We give below a translation of the Programme which Petit submitted to the Faculty of Science in Paris on 18 December 1811:
The Theory of Astronomical Refraction has been taken as the subject.
Refraction in general.
- Assuming that the different motions of light are the result of the action of attractive or repulsive forces, the principle of least action must be verified in all the hypotheses of refraction; we conclude this from relations by means of which we can determine the law of the velocities of light, when we know the directions of the light rays, and vice versa.
- Applications to cases of ordinary refraction, and extraordinary refraction in crystallized substances.
- Special examination of the case of ordinary refraction. This is the subject. Demonstration of this law, by the principle of the conservation of "forces vives." Discussion of the different circumstances presented by the motion of light in environments whose refractive power varies in some way. Determination of the angle corresponding to the total refraction. Explanation of a mirage.
- Means of determining the refractive power of diaphanous bodies and opaque bodies.
- Application of the preceding results to the successive attractions which the different layers of the atmosphere exert on the luminous molecules which pass through them. Differential equation of the motion of light.
- Integration of this equation. To do it generally, one must know the law according to which the density of the atmospheric layers varies with their height. The two limits of this law are a constant density, and a decreasing density in geometrical progression, for heights in arithmetic progression. Examination of the first case. The resulting refraction is much too low.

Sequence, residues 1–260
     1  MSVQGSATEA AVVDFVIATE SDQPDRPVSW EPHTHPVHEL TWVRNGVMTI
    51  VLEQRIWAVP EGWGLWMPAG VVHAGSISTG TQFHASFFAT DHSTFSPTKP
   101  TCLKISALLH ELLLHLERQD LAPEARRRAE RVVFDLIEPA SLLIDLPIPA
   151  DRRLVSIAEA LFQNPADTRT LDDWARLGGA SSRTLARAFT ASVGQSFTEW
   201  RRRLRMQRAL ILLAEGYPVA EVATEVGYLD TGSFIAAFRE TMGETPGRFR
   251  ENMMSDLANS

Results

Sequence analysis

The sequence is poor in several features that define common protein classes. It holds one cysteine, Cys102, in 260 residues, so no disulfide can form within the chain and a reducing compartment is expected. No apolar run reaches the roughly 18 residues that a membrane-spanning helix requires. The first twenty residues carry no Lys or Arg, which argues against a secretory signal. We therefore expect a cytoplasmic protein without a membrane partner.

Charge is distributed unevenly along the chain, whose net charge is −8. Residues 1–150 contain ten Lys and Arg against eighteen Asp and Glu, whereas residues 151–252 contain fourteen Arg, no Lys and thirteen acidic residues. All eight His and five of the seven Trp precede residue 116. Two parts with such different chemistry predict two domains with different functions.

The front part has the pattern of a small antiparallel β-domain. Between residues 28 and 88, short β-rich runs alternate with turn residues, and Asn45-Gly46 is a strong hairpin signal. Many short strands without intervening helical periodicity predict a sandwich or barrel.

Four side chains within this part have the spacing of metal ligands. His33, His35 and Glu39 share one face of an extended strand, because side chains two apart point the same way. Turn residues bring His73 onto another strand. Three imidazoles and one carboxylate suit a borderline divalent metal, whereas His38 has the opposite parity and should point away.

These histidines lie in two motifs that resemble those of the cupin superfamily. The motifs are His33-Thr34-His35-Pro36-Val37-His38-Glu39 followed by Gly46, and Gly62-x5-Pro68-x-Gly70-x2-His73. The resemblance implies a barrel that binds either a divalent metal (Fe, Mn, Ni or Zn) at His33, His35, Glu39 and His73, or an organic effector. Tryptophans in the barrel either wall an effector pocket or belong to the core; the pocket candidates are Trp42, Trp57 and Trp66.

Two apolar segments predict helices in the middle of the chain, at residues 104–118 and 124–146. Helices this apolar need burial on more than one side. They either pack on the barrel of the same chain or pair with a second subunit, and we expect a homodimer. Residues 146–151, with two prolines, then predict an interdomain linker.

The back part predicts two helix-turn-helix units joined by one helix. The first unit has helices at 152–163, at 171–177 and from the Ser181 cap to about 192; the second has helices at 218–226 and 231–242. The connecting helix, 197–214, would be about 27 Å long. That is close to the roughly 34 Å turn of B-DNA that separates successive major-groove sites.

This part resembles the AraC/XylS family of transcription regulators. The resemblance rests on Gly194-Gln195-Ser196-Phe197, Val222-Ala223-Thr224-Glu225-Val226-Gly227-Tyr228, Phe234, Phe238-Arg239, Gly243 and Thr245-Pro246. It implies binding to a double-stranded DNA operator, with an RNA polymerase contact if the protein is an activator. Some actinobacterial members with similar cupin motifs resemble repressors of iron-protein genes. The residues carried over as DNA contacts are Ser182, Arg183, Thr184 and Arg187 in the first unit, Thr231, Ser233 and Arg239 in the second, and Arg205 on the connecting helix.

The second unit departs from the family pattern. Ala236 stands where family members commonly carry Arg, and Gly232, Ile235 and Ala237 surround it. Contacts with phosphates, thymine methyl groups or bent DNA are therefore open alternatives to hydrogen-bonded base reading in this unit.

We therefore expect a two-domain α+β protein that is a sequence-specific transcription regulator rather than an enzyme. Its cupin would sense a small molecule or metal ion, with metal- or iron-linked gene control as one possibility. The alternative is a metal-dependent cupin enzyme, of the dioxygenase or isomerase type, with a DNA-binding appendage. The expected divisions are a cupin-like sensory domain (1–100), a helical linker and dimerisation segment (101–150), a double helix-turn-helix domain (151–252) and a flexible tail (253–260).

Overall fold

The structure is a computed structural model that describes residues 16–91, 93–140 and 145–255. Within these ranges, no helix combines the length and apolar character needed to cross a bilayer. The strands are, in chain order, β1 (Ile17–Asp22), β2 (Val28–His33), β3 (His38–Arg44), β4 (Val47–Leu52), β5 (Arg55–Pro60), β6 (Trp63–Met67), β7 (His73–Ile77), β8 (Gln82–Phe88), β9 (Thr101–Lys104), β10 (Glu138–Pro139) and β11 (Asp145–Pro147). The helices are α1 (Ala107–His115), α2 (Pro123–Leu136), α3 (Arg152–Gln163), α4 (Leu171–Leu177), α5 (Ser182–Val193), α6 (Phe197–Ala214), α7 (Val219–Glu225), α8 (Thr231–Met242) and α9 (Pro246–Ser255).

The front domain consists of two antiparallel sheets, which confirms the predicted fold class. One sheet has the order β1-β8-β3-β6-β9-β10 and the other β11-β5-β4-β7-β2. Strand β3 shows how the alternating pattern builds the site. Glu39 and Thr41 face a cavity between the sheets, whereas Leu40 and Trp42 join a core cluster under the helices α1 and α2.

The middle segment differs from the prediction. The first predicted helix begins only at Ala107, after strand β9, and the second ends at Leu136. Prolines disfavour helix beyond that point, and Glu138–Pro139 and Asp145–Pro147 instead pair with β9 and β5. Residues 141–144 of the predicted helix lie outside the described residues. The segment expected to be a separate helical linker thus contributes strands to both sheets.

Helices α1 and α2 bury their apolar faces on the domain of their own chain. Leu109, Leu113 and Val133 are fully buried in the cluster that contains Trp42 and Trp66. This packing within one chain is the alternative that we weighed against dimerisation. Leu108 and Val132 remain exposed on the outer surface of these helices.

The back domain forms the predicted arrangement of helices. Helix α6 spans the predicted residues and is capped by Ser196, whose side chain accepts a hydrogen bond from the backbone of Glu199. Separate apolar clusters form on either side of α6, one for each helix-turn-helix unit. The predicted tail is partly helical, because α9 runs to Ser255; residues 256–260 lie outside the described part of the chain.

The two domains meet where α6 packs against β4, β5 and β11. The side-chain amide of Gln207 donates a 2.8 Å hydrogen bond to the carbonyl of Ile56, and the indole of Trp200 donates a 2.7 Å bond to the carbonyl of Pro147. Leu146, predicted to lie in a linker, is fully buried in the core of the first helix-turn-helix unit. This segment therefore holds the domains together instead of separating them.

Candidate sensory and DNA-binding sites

- The second hypothesis presupposes a uniform temperature throughout the whole of the atmosphere. Integration of the differential equation with this assumption. It gives too strong a refraction.
- Integration of the differential equation, assuming that the density of the air decreases in arithmetic progression for layers of equal thickness. This supposition gives too small a refraction, but closer than that which results from a constant density. The true constitution of the atmosphere is therefore intermediate between this last supposition and that of a uniform temperature.
- Integration of the differential equation with a hypothesis composed of the two preceding ones. The resulting formulas for the refractions and the decrease of the heat of the air agree with the observed phenomena.
- Formula which gives the refraction for all heights above 12°. Discussion of the elements which enter into this formula.
- Examination of the influence of air humidity on refraction.
- Terrestrial refractions. Determination of the formulas that express them.